Content & Approach
How did the African American community manage to survive, and even make gains in their quest for greater freedom and autonomy?
Thomasville, Georgia is the site of a unique set of landmarks that will provide an understanding of the continuity and change in the struggle of African Americans during the long civil rights movement from 1865 to the Supreme Court’s Brown vs. Board of Education decision in 1954. Attendees will visit sites such as the Jack Hadley Black History Museum, the Imperial Hotel, a lodging listed in the Green Book that is undergoing renovation, the First Missionary Baptist Church, one of the oldest African American houses of worship in Southwest Georgia, and the gravesite of the first African American graduate of West Point, Henry O. Flipper.
This one-week workshop will consider the essential role of the African American community in supporting the rise of Thomasville as an elite tourist resort during the Gilded Age (1870-1906). We will visit Pebble Hill Plantation, built by a prominent Northern business leader, to discover the ties that this hunting plantation and others had with the African American community. And our host institution will be the Thomasville History Center which tells the history of the Red Hills Region and has an extensive archival collection that will complement many of our discussions.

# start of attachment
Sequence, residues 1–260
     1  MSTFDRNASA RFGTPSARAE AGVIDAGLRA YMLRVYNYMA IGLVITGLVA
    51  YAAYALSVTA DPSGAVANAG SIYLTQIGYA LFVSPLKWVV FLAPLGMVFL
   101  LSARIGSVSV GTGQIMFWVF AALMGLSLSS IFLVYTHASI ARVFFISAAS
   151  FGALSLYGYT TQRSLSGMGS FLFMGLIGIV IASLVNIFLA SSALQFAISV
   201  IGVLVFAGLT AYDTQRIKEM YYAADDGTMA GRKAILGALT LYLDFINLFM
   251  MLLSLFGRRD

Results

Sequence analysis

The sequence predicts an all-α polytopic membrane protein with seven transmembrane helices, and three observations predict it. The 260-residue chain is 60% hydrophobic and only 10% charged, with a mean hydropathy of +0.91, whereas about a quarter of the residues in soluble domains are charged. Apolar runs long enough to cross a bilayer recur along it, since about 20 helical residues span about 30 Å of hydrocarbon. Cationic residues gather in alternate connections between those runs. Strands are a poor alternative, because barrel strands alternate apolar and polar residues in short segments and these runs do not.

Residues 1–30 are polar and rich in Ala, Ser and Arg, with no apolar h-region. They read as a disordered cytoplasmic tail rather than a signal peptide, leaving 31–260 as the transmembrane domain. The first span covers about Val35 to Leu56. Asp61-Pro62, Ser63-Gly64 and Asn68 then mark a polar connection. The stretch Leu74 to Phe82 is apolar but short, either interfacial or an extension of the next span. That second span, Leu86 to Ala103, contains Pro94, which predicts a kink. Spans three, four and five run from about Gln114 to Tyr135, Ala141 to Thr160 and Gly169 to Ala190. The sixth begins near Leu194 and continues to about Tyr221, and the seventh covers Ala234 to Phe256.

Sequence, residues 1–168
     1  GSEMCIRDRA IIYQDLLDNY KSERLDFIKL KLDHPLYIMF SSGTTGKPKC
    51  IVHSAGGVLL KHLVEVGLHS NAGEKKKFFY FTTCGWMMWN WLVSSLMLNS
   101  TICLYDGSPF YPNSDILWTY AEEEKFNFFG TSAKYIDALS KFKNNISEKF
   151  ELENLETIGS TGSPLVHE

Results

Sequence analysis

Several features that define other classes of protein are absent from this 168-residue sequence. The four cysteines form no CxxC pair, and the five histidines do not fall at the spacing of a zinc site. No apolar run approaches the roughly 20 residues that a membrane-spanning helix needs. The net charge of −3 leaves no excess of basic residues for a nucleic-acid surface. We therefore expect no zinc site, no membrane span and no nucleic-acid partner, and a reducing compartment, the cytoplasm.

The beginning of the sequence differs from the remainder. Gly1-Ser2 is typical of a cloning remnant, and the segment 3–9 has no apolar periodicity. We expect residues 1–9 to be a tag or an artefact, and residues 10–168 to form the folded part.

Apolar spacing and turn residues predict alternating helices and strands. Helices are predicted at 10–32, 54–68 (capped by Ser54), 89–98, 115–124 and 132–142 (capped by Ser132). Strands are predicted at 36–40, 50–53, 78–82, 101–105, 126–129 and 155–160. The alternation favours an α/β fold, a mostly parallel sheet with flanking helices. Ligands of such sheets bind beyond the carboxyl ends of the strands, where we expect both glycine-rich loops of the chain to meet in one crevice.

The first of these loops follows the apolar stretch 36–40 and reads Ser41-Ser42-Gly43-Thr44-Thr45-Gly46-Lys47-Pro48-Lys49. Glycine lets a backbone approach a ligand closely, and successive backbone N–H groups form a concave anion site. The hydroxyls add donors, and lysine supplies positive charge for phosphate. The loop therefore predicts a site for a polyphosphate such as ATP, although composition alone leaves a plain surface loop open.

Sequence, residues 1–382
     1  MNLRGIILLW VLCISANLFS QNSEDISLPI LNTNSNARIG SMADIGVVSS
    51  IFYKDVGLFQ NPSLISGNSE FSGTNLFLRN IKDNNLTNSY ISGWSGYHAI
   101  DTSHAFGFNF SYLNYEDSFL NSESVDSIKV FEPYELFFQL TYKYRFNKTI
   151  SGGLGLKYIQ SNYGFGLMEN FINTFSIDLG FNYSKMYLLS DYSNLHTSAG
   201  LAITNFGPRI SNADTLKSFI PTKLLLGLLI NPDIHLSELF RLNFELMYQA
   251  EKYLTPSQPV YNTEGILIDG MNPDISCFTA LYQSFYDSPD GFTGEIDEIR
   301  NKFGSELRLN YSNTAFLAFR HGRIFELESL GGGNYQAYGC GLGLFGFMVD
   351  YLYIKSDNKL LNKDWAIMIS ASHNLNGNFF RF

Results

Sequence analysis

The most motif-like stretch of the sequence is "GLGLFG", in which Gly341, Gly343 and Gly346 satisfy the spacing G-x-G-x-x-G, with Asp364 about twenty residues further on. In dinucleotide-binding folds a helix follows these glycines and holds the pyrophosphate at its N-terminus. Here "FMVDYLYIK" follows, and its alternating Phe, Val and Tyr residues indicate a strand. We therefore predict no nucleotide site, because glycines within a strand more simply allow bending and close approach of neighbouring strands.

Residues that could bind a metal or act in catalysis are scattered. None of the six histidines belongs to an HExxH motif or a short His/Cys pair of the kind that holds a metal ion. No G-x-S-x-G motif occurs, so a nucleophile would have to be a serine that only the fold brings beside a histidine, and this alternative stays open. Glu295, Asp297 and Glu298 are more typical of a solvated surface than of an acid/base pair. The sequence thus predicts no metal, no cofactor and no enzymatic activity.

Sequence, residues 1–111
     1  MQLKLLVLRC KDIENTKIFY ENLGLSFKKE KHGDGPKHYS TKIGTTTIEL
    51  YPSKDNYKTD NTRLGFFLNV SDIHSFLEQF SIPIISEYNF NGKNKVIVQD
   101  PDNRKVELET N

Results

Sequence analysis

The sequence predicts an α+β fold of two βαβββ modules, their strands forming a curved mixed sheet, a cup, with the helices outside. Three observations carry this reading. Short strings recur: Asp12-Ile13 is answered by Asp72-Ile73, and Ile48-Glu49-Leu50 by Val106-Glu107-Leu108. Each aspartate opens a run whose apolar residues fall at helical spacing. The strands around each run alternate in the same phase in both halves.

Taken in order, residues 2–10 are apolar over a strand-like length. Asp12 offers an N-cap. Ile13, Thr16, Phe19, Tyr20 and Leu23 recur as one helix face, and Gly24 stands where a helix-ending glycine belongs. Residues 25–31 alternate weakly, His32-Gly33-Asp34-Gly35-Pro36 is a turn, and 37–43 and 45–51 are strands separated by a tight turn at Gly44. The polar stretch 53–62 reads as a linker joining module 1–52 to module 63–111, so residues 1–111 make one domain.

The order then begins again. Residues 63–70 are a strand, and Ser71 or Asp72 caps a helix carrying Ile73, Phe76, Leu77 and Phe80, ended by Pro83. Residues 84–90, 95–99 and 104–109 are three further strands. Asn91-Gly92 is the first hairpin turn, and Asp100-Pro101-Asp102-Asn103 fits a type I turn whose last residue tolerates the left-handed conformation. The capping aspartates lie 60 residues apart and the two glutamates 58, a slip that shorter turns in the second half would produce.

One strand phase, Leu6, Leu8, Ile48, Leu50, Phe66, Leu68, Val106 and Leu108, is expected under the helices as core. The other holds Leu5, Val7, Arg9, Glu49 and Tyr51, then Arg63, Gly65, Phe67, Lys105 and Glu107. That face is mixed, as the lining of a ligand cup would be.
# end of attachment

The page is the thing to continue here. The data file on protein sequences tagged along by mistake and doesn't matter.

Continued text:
One of the overarching questions we will address in visiting historic landmarks, viewing relevant material objects, and reading documents, is “how did the African American community manage to survive, and even make gains in their quest for greater freedom and autonomy?” The history of the era is one not only of repression but also one of resilience. The African American community of Thomasville built and sustained institutions, most notably churches, schools, fraternal societies, civic clubs and recreational facilities as well as a thriving business district, “the Bottom.” We will consider Thomasville’s connections with several African Americans including native, Henry Flipper, and former Thomasville pastor Andrew Young as well as nationally recognized leaders: Frederick Douglas and W.E.B. Du Bois.
Application Deadline: March 3, 2023
Acceptance/Regrets: April 3, 2023
Accept/Decline Offer: April 14, 2023
Waitlist Accept/Regrets: April 15, 2023
Session I: July 9-14, 2023
Session II: July 23- July 28, 2023
Thomasville History Center
725 N Dawson St,
Thomasville, GA 31792